On the flip side, if the network isn't dropping packets, upgrading from cat5 to cat6a will make no difference to the end device or to your audio stream.
     

     

    Please register to disable this ad.

  12. davidb1

    davidb1 AK Subscriber Subscriber

    Messages:
    2,495
    Location:
    Sandy Springs GA
    Jitter, timing errors, corrupted data.
     
    Pio1980 likes this.
  13. BadassBob

    BadassBob Digitally rendered

    Messages:
    5,627
    Location:
    home of the GM Tech Center
    Each ethernet frame carries a CRC-32 checksum, which is an error-detecting code used in networks and storage devices to detect accidental changes to data. Blocks of data entering these systems get a short check value attached, based on the remainder of their contents. On retrieval the calculation is repeated, and corrective action is taken against data corruption if the check values do not match. Frames received with incorrect checksums are discarded by the receiver hardware. Ethernet is very resilient, and will function properly even when in close proximity to power mains. The internet, or our modern lifestyles for that matter, wouldn't be possible without error correction over digital data transmissions.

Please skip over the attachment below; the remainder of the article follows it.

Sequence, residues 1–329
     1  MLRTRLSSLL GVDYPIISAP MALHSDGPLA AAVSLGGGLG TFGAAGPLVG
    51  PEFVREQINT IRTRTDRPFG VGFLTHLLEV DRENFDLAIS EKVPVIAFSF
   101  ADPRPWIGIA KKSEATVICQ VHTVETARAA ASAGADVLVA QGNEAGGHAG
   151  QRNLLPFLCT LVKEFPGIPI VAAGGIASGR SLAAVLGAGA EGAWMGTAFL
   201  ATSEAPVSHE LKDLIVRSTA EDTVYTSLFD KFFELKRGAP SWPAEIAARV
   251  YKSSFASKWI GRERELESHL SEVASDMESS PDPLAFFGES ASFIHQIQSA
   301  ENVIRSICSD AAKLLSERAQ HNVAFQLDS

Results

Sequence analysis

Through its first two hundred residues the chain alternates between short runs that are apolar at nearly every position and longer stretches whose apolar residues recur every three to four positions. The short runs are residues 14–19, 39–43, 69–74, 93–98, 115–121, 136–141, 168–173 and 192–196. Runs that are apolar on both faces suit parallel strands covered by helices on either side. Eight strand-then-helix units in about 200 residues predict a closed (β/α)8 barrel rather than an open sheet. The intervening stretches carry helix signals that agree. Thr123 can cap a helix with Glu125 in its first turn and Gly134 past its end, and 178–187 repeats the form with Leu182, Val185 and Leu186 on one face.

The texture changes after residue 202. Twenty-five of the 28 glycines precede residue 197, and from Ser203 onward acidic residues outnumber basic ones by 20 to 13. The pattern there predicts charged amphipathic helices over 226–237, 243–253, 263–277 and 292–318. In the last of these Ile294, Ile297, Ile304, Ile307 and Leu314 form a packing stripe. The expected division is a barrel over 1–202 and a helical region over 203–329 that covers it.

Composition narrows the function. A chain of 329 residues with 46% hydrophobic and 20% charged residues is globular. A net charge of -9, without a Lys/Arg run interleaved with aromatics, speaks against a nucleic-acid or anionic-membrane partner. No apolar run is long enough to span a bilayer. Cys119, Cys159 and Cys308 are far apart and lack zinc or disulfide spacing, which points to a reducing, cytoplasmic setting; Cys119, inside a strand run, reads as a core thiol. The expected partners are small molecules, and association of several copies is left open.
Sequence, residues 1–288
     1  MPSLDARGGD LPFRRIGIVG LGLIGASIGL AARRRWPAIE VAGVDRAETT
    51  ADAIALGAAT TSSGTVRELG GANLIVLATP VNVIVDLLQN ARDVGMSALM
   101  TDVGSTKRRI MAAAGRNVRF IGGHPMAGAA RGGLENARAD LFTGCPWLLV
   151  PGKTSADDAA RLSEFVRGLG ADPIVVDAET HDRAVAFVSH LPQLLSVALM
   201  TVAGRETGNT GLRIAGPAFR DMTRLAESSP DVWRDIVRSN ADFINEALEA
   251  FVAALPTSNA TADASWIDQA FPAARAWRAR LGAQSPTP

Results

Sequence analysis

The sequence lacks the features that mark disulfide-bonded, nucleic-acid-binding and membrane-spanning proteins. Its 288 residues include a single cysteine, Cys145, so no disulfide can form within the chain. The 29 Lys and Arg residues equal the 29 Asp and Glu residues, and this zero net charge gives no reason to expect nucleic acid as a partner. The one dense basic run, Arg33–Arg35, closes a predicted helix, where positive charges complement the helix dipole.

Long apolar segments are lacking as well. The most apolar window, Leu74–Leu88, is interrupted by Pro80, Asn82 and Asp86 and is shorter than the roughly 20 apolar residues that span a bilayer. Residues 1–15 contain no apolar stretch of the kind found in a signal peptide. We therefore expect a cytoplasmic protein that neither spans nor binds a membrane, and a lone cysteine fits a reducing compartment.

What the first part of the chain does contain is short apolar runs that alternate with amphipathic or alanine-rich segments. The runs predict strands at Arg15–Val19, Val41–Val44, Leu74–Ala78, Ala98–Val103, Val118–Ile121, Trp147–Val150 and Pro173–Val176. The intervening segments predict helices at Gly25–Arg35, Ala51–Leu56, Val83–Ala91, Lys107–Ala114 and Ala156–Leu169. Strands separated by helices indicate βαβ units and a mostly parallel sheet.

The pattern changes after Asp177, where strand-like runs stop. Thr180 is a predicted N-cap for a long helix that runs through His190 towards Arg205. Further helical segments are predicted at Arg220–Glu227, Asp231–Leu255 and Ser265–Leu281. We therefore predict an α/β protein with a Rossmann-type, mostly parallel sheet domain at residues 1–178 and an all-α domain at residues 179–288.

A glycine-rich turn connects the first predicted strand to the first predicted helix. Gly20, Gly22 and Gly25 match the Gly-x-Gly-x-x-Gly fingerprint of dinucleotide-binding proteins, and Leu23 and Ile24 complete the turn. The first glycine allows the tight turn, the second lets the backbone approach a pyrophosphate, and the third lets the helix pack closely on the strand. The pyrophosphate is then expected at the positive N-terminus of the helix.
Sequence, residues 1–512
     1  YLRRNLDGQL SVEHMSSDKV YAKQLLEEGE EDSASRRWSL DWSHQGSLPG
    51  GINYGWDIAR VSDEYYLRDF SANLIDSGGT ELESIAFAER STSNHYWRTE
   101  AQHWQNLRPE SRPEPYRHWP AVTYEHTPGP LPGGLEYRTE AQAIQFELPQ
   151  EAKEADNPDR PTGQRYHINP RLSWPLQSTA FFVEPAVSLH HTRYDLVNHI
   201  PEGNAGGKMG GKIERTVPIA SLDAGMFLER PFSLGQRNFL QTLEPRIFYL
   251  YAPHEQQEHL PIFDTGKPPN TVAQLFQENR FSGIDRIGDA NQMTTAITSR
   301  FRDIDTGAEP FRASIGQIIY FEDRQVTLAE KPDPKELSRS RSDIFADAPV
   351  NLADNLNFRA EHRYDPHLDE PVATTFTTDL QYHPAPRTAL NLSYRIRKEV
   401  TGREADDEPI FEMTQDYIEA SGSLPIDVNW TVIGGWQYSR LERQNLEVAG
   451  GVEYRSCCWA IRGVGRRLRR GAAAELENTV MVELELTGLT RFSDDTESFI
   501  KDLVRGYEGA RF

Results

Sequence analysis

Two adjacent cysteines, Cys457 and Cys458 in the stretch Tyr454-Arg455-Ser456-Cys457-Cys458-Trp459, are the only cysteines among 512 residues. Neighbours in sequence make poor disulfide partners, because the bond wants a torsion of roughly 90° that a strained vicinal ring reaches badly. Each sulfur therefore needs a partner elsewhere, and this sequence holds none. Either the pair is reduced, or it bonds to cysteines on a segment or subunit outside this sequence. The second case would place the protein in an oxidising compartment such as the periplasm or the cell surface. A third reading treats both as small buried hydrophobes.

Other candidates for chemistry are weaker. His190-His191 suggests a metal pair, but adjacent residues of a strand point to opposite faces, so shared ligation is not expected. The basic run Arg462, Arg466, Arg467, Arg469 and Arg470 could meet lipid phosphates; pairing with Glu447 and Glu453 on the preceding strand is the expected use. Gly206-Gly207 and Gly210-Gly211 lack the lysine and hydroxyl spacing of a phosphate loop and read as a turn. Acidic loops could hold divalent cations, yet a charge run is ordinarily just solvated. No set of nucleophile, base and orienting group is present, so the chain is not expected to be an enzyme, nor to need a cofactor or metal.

In the context of computer networks, jitter is the variation in latency as measured in the variability over time of the packet latency across a network. A network with constant latency has no variation, thus, no jitter. Packet jitter is expressed as an average of the deviation from the network mean latency. A typical home network won't experience jitter unless it's under an abnormally heavy load, as the network latency is typically constant. Internet data transmissions will have it, because the latency from source to destination can and will vary greatly.